Monday, August 31, 2015

Henry's Fork Report: The Last Day

It was the seventh and last day of the trip. God rested on the seventh day. I went fishing.

It had been a cold night. There was frost everywhere when I crawled out of the tent. When I arrived at the Back Channel I was not too surprised to glimpse snow up in the high country.


Down here, though, it was pretty nice. There was no wind, and the sun soon melted the frost and warmed the air. I shed my jacket.


I had high hopes for the Back Channel. It would be a sign of cosmic favor to revisit halcyon days of yore and catch a good fish here on the holy water. I looked carefully for rises, walking along the bank to cover the water. Nothing happening--yet.

I sat down on the bank and had a cup of coffee. Soon little black caddis danced around me. Harbingers, I thought. I walked the bank, came back, sat down, and had another cup of coffee.


I waited for a long time. Then it happened as it should happen. First I noticed PMD's drifting through my reflection in the water--not a lot, but enough. Then I heard the first rise. Then I saw a rise. Then I saw several fish rising together. Finally I waded out. Time to begin.

I waded carefully and quietly. Of the rises I saw, most were erratic. Then I identified two fish who were now working steadily in place. One was to my left, and fairly close; the other was to my right and farther away, over in front of a little island.

I went right. This has been a propitious island in years past. More than once we have caught big fish here by targeting little rises.

I made my way to within ten feet of the rise, slightly behind the fish. I had the Harrop PMD on, and began to cast. I got a good drift, then another, the fish rising steadily. Then another...maybe I need to go a little bit farther... And the fish sipped in the fly.

He took off downstream to my left. It was a lovely dance we made, as he would zing line off the reel, and I would slowly regain it, all the time bringing him closer.

I forgot to tell you that I didn't have a net. The evening before, right after I had hooked the fish that shot out of the river like a rocket, the net was dangling in the current on my casting side. So I had grabbed it and tossed it around my back to the other side. Imagine my surprise when it came floating past me and headed downriver toward the Snake. I cast my line over it, and the fly ticked it but couldn't stop it. Later I checked the lanyard and nothing was broken or had come loose. A case of the river twisting and turning and picking my pocket.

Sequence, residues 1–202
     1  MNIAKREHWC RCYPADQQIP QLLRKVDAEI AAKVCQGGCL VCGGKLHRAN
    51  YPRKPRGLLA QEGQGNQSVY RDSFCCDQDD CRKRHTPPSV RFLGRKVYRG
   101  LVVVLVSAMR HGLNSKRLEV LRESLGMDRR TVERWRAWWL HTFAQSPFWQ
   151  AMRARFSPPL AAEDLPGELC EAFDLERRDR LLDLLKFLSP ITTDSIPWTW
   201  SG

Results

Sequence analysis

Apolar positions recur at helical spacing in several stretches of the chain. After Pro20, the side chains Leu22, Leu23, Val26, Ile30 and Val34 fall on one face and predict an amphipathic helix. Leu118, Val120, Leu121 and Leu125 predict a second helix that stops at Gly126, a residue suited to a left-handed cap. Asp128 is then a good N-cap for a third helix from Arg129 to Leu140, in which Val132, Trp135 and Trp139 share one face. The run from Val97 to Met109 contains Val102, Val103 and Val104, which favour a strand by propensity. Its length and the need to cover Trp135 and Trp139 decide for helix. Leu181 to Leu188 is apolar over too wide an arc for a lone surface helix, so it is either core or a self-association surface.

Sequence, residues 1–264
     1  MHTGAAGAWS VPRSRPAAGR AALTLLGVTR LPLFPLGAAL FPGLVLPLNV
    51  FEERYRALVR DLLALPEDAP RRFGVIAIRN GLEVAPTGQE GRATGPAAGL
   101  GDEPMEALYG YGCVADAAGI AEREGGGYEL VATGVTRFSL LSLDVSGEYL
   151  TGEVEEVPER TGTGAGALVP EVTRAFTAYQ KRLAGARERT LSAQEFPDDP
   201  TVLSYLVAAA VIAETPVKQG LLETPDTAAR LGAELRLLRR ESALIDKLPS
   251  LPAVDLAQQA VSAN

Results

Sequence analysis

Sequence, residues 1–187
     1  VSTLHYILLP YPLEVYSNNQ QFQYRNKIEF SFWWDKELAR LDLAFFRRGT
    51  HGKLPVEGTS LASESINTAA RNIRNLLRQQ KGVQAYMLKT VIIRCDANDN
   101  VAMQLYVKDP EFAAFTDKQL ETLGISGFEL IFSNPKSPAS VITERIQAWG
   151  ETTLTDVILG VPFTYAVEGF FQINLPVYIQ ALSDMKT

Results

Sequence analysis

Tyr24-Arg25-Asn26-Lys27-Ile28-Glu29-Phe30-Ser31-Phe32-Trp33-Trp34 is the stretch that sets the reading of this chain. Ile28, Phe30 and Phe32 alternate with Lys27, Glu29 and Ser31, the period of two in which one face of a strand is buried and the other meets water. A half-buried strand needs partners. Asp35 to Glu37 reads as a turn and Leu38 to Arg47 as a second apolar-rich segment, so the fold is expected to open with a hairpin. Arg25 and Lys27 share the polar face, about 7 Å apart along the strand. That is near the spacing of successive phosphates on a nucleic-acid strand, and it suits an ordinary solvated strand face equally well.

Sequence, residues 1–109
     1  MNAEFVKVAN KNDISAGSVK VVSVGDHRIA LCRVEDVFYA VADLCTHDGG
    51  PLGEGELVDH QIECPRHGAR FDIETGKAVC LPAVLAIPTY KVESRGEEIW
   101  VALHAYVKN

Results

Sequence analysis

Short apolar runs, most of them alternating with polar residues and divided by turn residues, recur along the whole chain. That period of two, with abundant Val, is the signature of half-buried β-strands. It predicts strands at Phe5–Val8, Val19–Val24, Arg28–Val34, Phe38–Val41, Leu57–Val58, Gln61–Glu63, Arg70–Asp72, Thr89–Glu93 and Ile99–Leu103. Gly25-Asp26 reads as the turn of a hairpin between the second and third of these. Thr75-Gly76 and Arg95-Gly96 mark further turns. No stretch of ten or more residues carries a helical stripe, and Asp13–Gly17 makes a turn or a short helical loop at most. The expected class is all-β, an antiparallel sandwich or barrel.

So now I had some concern about landing this fish. I brought it in close for a photo in case I wouldn't be able to take another.


When I finally put my hand under him, though, he had decided to be stoic about the whole thing. Another beautiful Henry's Fork rainbow.


I released him and watched him swim away, then stood up and looked around for my next target. The river was quiet. I couldn't see a single rise, and the insects on the surface had thinned. I waded back to the bank and had another cup of coffee. By the time I screwed the cup back onto the old Stanley it was clear the morning on the Back Channel was over.

It was also clear what a perfect morning it had been.


I hiked out and drove back to the Last Chance stretch that had given me so much pleasure the afternoon before. There was nothing happening when I arrived, so I had some lunch while enjoying the un-summerlike view.


Then it was time for a stroll. I geared up and walked upstream along the bank.


I was delighted to find just what I was looking for. In the riffle behind this rock I found a steady riser. I watched him for awhile to make sure he was determined, and he was.


So I walked downstream a ways, waded in, and carefully made my way to a casting position ten feet or so to the left of and behind the fish. I showed him that lucky PMD, and on the fourth cast he took it, and I hooked him. He was a heavy fish. I can't say he was the biggest I had hooked, but he fought like it. He was determined, alright.

I still didn't have a net, so I was trying to work him into the soft water behind the rock. Still, I was nervous when I got him close enough to try to land him. Maybe that was the fatal flaw: I hesitated just long enough for him to lunge into the current and separate himself from the hook.


But what an exhilarating lunch hour.

I walked back to the van looking for more risers, but there were none. I resumed my routine of the day before, waiting and walking the bank.


A hatch began; caddis were coming off in waves. But they were in the trees and grass--they would billow out when you brushed past--and not on the water.


It was a long afternoon of waiting for the fish to show themselves. They never did.


As evening fell, I geared up again and waded out in one more effort to make something happen, or at least to be there if something happened of its own accord. I threw a variety of flies: bead head nymphs, soft hackles, and, of course caddis, dry and wet. I caught the smallest fish of the trip--of the year, I expect.


And I caught one more small fish. I felt as though I was holding the shining future in my hand.


Then I watched the day come to an end.


Back at the campground I lit the ritual Mark Memorial Campfire.


Then sat by the fire for a long time, gazing into the embers, then the moonlight, then the embers, until I finally found myself drifting off in the tent, watching as another Henry's Fork experience faded to black.

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